Merely Because Particular Evidence Was Not Adduced, Appellate Court Cannot Adopt Soft Course Of Remanding Matter: SC
The Supreme Court has recently held that merely because a particular evidence that ought to have been adduced had not been adduced, the Appellate Court cannot adopt the soft course of remanding the matter as per Rule 24 of Order XLI of the Civil Procedure Code (CPC).
The Court was hearing an appeal preferred against the judgment passed by the Kerala High Court wherein the appeal filed by the respondent against the dismissal of her suit for cancellation of a sale deed and for prohibitory injunction was disposed of with directions to the Trial Court to decide the suit afresh after de novo trial.
The two-Judge Bench comprising Justice Dinesh Maheshwari and Justice Sudhanshu Dhulia observed, “… merely because the High Court could not reach to a conclusion on preponderance of probabilities, the evidence on record could not have been treated as insufficient so as to not pronounce the judgment in terms of Rule 24 of Order XLI CPC. … merely because a particular evidence which ought to have been adduced but had not been adduced, the Appellate Court cannot adopt the soft course of remanding the matter.”
The Bench noted that certain circumstances existed in favor of the respondent and certain other circumstances existed in favor of the appellant.
M/s SRM Law Associates represented the appellant while Senior Advocate I H Syed and Advocate James P. Thomas represented the respondents.
Brief Facts –
A civil suit was filed by the respondent against the appellant and her sisters for setting aside a sale deed. The property consisted of a land and cinema theatre which was originally owned by the father of the respondents. The respondent made a request for postponing the execution of the security bond in favor of the film distributor as her husband was out of the station but on being insisted, she signed the documents.
On enquiring, the respondent was informed that her share in the property has already been sold. She then realized that she was made to sign a sale deed instead of a security document. The Trial Court rejected the case of the respondent. On challenging such a decision, the High Court held the properties to be co-ownership properties and upheld the judgment of the Trial Court.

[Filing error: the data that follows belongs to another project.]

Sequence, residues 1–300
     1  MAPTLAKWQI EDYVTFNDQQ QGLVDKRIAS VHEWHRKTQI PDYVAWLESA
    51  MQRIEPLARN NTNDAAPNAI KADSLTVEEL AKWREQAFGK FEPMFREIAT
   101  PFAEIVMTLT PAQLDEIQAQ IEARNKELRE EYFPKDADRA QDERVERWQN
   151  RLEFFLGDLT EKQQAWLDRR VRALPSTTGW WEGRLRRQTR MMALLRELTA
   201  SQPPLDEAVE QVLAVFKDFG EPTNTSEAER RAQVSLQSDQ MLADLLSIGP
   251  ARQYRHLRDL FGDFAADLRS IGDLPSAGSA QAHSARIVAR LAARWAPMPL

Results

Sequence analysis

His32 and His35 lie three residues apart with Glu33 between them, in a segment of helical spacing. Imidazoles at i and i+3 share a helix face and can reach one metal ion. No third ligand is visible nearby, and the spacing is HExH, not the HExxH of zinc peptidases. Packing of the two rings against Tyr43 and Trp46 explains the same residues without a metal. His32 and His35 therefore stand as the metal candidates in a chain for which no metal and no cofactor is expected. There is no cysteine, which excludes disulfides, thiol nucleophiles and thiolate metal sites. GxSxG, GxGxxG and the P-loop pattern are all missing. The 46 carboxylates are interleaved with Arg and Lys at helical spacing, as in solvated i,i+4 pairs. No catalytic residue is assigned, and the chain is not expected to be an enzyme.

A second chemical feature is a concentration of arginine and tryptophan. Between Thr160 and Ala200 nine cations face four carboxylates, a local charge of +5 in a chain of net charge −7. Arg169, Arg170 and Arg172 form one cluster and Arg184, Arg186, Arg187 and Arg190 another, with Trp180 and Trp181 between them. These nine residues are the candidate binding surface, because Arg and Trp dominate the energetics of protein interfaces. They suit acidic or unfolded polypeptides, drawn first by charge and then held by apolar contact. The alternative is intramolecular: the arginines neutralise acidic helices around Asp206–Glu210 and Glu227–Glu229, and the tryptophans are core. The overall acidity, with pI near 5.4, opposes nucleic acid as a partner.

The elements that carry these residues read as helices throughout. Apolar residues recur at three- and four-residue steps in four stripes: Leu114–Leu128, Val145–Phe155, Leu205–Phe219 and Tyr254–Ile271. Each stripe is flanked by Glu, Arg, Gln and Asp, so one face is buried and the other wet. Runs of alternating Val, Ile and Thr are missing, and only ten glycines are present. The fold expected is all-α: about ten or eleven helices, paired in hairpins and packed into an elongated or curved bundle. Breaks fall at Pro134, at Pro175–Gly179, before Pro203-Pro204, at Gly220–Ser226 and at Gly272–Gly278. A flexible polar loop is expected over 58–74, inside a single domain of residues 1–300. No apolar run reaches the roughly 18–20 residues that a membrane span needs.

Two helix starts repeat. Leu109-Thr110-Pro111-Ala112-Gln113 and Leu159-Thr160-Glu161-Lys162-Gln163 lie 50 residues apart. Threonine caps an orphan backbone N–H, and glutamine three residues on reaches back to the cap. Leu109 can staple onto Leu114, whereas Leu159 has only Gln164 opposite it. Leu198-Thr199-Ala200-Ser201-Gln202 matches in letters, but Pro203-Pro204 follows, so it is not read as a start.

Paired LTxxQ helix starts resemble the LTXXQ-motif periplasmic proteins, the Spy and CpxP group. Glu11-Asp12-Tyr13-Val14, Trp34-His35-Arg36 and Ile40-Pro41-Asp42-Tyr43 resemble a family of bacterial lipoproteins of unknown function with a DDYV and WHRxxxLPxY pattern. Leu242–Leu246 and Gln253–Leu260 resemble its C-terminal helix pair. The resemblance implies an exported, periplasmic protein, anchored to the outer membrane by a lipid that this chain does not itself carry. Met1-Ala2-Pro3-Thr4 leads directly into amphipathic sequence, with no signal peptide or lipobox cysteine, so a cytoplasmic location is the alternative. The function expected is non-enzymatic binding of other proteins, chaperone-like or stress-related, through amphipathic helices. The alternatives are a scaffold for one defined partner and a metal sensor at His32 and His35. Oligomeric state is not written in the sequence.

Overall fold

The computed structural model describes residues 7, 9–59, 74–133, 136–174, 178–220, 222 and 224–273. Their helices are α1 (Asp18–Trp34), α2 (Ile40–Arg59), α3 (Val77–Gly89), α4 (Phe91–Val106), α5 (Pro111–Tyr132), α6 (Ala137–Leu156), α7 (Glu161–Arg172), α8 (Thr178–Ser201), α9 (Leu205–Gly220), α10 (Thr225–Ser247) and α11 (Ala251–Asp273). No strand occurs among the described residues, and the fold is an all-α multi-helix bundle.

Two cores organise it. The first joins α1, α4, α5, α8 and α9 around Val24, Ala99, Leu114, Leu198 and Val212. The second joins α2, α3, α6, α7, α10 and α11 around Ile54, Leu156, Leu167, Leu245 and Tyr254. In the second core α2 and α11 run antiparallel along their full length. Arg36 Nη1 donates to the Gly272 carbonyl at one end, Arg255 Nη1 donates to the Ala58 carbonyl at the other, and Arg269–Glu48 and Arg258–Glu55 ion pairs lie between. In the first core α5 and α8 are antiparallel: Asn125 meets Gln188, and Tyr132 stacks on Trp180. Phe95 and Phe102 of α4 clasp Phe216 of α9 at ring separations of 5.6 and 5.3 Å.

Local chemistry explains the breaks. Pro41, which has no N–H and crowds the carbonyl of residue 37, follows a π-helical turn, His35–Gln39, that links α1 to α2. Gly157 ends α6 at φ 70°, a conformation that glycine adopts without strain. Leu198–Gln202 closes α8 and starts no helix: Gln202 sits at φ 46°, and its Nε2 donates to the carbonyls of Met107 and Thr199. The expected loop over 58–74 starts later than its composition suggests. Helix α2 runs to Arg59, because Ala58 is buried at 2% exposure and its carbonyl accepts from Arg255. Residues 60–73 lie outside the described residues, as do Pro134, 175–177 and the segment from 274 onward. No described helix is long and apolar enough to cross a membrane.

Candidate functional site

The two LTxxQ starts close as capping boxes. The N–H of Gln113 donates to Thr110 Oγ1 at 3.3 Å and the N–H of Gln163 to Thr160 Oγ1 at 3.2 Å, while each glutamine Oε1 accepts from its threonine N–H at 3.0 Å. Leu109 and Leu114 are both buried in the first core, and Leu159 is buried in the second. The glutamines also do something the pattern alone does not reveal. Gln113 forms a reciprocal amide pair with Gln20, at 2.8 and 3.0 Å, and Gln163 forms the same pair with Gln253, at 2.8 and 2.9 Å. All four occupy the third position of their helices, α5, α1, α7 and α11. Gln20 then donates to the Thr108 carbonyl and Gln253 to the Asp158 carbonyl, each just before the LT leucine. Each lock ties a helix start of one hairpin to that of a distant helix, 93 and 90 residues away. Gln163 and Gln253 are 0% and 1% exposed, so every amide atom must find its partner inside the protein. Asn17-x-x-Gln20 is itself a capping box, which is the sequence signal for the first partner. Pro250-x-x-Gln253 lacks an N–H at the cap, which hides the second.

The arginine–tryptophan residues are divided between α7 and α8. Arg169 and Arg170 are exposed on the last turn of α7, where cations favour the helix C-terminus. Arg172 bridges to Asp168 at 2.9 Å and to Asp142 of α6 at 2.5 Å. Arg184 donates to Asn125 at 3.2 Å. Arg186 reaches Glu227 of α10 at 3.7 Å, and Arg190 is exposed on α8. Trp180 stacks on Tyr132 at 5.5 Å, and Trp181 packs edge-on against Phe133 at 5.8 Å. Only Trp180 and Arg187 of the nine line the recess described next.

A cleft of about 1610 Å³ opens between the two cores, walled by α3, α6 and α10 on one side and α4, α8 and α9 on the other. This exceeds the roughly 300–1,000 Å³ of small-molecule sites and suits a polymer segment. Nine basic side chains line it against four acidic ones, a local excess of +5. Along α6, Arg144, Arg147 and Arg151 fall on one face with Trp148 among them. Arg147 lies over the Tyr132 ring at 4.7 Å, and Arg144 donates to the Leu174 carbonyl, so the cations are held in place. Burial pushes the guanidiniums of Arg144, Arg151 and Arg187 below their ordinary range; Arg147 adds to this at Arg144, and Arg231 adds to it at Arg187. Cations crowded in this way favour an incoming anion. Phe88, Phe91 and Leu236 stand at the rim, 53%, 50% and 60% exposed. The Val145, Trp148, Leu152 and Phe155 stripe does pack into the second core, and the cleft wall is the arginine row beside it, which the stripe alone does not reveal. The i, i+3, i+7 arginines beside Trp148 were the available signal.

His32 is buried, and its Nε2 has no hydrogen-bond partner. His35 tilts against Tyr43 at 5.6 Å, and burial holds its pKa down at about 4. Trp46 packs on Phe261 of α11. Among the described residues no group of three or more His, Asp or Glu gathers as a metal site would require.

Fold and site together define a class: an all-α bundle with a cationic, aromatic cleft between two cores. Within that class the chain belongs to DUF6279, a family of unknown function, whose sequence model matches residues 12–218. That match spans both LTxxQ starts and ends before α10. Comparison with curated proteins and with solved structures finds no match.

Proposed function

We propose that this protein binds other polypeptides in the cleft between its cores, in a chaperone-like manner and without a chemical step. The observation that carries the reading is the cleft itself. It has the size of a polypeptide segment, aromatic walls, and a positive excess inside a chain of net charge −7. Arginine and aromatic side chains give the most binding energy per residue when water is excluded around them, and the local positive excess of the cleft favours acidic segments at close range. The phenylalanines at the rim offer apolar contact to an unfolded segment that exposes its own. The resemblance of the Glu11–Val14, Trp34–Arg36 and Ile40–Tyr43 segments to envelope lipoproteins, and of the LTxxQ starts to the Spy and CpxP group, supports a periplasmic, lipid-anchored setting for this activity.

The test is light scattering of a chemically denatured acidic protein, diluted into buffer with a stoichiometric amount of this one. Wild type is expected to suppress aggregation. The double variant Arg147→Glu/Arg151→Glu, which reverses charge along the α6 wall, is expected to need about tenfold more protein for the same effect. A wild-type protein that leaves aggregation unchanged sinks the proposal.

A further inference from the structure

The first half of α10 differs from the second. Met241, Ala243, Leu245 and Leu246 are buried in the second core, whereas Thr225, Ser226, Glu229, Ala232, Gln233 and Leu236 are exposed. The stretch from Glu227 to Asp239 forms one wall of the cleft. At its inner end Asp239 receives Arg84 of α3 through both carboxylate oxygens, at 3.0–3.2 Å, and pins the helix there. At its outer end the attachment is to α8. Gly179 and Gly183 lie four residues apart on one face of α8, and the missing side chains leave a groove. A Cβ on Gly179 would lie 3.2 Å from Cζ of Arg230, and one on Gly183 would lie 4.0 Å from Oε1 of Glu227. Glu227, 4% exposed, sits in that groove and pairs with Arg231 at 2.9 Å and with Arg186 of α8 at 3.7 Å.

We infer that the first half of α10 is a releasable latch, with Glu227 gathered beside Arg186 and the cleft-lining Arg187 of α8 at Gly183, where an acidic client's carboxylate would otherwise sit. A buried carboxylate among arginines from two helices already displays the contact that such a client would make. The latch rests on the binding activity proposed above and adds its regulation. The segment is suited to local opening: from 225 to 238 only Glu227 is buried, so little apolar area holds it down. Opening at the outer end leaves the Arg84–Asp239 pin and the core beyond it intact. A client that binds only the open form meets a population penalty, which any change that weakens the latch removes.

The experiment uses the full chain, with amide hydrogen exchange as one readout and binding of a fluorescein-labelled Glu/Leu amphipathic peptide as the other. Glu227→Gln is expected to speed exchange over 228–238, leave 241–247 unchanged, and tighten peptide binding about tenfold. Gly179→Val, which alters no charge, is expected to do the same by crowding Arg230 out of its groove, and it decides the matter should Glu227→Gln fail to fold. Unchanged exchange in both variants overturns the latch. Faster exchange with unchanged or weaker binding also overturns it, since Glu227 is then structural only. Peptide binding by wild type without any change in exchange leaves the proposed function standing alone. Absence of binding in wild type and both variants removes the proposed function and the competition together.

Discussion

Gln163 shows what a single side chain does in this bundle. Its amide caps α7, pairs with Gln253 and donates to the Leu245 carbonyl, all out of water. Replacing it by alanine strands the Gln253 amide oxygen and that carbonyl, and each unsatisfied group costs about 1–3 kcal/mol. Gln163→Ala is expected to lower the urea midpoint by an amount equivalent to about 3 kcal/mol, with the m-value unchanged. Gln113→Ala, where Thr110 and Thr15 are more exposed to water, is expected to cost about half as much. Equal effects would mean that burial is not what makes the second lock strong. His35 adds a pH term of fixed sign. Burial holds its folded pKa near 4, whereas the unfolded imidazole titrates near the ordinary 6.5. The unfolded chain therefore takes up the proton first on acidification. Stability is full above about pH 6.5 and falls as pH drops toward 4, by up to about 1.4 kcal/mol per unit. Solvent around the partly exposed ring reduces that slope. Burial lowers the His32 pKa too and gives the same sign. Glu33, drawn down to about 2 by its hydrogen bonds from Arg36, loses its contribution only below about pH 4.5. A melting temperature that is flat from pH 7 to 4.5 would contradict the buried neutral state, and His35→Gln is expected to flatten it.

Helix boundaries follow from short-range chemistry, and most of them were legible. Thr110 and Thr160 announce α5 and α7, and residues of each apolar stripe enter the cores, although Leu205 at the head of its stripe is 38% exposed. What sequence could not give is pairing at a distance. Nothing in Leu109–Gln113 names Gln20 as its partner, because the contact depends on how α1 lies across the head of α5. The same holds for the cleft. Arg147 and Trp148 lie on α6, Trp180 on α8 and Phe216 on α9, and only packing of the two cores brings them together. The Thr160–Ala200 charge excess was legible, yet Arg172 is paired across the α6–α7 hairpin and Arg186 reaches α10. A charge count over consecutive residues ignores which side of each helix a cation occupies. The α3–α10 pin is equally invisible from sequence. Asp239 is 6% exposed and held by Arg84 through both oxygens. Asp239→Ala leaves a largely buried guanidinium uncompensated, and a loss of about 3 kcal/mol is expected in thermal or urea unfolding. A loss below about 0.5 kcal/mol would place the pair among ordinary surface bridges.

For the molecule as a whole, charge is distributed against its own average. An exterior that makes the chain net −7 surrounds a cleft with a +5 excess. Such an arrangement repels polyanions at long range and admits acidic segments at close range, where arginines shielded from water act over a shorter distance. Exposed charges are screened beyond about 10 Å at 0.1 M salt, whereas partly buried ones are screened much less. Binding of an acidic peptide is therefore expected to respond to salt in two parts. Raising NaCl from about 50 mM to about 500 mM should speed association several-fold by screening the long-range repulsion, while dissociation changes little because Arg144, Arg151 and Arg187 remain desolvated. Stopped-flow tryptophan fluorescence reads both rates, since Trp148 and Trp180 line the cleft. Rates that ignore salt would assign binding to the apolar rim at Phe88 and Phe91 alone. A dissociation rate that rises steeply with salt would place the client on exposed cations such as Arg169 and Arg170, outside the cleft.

The question for consideration that arose before the Supreme Court was whether the High Court was justified in remanding the matter for trial de novo. The Court in this regard noted, “… the High Court was unable to arrive at a conclusion on the basis of the material on record. However, fact of the matter remains that on the basis of the same material on record, the Trial Court had indeed arrived at a definite conclusion that the plaintiff had failed to establish her case and hence, the suit was liable to be dismissed.”
The Court further noted that it is difficult to find why at all the findings of the Trial Court were not to be sustained or the decree was required to be reversed.
“… it is difficult to find any justification for remand by the High Court in the present case. … the scope of remand in terms of Rule 23 of Order XLI CPC is extremely limited and that provision is inapplicable because the suit in question had not been disposed of on a preliminary point. … the reversal has to be based on cogent reasons and for that matter, adverting to and dealing with the reasons that had prevailed with the Trial Court remains a sine qua non”, said the Court.
The Court asserted that remand in the case cannot be held to be justified in terms of Rule 23-A of Order XLI of CPC.
“… the present order of remand has been passed only on ipse dixit of High Court sans any reason or justification. … the High Court was not justified in remanding the matter for trial de novo without recording any finding if the plaintiff was prevented from examining herself or from adducing any other evidence as also without explaining as to on what ground the decree was being reversed”, the Court further asserted.
The Apex Court, therefore, restored the appeal for reconsideration by the High Court in accordance with the law and allowed the appeal, and set aside the judgment of the High Court.
Cause Title- Sirajudheen v. Zeenath & Ors.